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Residents at South Korean facility for A-bomb survivors recall childhood in Japan

Kim Pan-gun looks at mortuary tablets for 1,055 Koreans from Hapcheon who became victims of the Hiroshima atomic bomb, at a welfare center in Hapcheon, South Korea, on Dec. 11, 2015. (Mainichi)
Residents at a welfare center for Korean A-bomb survivors smile as visiting local elementary school students sing and dance for them, in Hapcheon, South Korea, on Dec. 10, 2015. (Mainichi)
Yoon Su-gi, left, and Kim Pan-gun, in a shared room at a welfare center for Korean A-bomb survivors, talk about their memories of living in Japan, in Hapcheon, South Korea, on Dec. 10, 2015. (Mainichi)
Lee Su-ryong, who was exposed to the Hiroshima A-bomb at age 17 at a location about 1.5 kilometers from the blast hypocenter before returning to South Korea three months later, is seen in this photo taken in Hapcheon, South Korea, on Dec. 9, 2015. (Mainichi)
A weekly gymnastics program for residents is seen at a welfare center for Korean A-bomb survivors in Hapcheon, South Korea, on Dec. 9, 2015. (Mainichi)
A welfare center for Korean A-bomb survivors is seen in Hapcheon, South Korea, on Dec. 11, 2015. A plan has been proposed to construct an A-bomb museum in the foreground area. (Mainichi)

HAPCHEON, South Korea -- Located in the southern part of South Korea, this small town has come to be called the country's own "Hiroshima." Many Koreans under the Japanese colonial rule during World War II, either poor and seeking jobs or mobilized to work at Japanese military factories, moved to Hiroshima, Japan, where they fell victim to the atomic bombing on Aug. 6, 1945. Last year, the 70th anniversary of the end of the war, a Mainichi Shimbun reporter visited a welfare center here for A-bomb survivors to hear their stories.

    "I know Hiroshima well. It brings back memories," said an elderly woman in smooth Japanese at a welfare center here for around 100 A-bomb survivors. The average age of the survivors living at this center is over 81 years. In South Korea, there is a strong view that the nuclear bomb brought about the end of the Japanese occupation, and there are few opportunities for public talks about A-bomb survivors. With even their existence little known, the welfare center provides a valuable place for the South Korean A-bomb survivors to share their pain with others like them. People who have an A-bomb survivor's certificate distributed by Japanese municipalities are allowed to use the facility for free.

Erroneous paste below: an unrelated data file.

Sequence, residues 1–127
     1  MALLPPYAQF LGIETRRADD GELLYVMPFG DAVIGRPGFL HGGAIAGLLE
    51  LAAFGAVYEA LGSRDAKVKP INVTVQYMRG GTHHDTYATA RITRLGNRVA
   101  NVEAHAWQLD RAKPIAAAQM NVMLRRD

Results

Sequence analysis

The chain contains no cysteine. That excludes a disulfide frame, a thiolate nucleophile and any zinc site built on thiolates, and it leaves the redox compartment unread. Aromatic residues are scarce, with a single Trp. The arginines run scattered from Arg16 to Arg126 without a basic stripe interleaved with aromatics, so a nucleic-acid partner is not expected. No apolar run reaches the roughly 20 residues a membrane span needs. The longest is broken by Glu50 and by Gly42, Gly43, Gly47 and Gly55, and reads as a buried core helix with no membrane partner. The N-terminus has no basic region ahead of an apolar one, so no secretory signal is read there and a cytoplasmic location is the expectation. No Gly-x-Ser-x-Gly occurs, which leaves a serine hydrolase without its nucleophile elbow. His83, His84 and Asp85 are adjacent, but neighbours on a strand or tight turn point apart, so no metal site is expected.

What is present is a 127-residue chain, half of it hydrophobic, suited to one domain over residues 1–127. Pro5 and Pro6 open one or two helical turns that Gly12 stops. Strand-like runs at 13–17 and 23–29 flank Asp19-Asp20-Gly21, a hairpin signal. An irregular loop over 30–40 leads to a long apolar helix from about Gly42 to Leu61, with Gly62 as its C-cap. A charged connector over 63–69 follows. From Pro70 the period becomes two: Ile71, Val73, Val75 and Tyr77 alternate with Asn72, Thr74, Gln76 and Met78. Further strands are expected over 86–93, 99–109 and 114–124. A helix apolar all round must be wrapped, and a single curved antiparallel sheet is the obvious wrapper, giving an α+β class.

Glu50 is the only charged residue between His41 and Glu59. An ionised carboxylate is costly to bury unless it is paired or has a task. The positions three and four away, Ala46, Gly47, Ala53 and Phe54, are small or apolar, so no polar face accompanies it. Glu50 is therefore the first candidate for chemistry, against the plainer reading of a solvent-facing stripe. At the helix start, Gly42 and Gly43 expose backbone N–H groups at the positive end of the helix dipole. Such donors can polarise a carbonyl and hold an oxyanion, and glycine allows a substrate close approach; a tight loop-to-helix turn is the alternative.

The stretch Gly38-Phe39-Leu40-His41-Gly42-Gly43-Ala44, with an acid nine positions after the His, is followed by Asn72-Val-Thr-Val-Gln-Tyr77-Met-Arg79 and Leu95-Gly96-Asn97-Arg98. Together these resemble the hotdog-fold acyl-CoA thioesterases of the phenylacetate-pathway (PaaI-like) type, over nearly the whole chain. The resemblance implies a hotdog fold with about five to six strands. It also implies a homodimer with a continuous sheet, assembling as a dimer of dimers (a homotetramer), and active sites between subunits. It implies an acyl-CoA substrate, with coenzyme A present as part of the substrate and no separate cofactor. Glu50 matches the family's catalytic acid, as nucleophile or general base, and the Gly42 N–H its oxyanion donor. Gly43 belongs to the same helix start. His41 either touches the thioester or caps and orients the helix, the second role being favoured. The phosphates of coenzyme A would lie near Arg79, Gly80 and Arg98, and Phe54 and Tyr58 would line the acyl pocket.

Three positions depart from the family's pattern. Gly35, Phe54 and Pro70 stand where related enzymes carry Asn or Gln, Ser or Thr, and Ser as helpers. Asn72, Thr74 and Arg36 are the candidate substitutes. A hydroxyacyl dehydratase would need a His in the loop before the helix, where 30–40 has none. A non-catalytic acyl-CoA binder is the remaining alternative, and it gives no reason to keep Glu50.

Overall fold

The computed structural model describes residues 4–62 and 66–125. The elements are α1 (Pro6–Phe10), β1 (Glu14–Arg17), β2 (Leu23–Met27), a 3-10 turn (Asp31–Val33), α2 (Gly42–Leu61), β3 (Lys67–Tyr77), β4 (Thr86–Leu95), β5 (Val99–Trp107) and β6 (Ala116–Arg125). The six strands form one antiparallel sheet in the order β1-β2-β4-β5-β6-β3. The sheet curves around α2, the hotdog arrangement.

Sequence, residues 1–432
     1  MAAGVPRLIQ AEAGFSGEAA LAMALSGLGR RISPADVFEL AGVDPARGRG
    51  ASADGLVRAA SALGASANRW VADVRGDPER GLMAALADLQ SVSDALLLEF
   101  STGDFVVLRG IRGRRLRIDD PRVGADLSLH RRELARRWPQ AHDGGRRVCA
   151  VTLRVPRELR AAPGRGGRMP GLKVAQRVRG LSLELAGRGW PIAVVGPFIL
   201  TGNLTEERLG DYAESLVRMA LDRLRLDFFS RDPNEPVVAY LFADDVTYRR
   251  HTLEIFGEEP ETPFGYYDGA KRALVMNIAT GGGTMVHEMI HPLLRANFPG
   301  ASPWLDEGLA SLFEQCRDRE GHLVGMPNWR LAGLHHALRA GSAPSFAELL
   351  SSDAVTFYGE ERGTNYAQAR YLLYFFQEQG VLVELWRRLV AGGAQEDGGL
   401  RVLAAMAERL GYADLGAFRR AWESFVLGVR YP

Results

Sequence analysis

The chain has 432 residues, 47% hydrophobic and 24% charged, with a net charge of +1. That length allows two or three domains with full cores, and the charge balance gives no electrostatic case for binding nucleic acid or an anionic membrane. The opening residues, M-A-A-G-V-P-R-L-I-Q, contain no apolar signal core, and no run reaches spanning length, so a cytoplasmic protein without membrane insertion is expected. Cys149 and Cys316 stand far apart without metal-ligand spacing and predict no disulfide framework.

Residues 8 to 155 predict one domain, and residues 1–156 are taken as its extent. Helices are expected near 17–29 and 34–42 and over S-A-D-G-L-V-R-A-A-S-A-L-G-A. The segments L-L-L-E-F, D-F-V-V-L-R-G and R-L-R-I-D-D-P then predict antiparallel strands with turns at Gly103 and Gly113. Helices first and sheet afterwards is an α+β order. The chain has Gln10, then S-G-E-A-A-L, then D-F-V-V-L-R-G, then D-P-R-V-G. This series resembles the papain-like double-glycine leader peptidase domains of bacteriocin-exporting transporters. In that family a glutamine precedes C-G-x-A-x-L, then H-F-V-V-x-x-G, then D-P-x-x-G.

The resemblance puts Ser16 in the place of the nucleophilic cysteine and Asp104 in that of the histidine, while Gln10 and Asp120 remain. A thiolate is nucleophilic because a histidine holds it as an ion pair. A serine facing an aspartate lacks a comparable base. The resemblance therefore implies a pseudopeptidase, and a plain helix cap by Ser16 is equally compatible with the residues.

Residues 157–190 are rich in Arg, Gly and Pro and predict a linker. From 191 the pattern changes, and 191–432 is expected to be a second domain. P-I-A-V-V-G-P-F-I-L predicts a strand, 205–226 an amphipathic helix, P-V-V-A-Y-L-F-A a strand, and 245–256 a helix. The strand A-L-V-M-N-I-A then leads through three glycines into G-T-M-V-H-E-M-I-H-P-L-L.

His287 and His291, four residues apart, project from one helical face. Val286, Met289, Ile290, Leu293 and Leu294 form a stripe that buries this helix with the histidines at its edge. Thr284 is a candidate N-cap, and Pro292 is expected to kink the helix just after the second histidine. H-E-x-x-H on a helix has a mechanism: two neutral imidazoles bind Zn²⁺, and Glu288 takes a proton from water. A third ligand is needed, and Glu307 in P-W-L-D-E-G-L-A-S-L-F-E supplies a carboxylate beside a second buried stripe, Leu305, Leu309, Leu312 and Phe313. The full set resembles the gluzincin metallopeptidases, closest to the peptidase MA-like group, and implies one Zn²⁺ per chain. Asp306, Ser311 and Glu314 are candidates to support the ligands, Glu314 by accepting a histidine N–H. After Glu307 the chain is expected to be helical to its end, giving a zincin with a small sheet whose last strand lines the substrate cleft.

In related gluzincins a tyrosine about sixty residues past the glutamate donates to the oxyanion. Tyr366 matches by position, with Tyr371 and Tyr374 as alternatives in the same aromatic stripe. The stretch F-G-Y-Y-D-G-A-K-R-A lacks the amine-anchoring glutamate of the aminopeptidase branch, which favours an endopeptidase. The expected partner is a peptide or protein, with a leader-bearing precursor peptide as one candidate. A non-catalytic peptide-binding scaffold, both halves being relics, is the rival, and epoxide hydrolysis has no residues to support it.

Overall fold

With both residential rooms and diagnosis and treatment rooms, the center is similar to a nursing home for the elderly in Japan. Some residents were watching TV in the lobby, others were playing table tennis or using exercise equipment. They also have access to painting and gymnastics classes. Everyone at the facility seemed to be enjoying their remaining years.

    Two 85-year-old residents, Kim Pan-gun and Yun Su-gi, both grew up in Hiroshima and were exposed to the atomic bomb when they were 15 years old. Kim was on a train platform at Hiroshima Station when the bomb fell, and became trapped under a fallen metal roof. After the war, he and his family returned to Hapcheon, but Kim couldn't speak Korean and his family lived in poverty there. Lee Su-ryong, another resident at the facility who returned to Korea after being exposed to the bomb in Hiroshima at age 17, similarly struggled due to being unable to speak Korean.

    Kim says, "Hiroshima is my home away from home. If it weren't for the A-bomb, my memories of it would all be good."

    "A single A-bomb broke apart my family," he says. His father died during the war in 1943 at age 43, and his remains were left in Hiroshima.

    Yun, meanwhile, suffered burns across his body from the A-bomb explosion and was bedridden for five months. He returned to South Korea with his family and attended night school for about three years as he learned how to speak his country's language. To support his family he joined the military during the middle of the Korean War. Of his current circumstances, he says, "Here (at the welfare center) I have companions at my side who are like family. It is very comfortable."

    While both Kim and Yun spoke Japanese during their interviews, they say only a few of the residents at the welfare center can still speak the language. Yun, who put on a favorite tape of his by the late Japanese diva Hibari Misora, said, "Japan was the place of my youth."

    He added, "The place I am supposed to be, it's not probably Japan but here, isn't it?" he said, seeming to reflect on how the events of history had affected his life.

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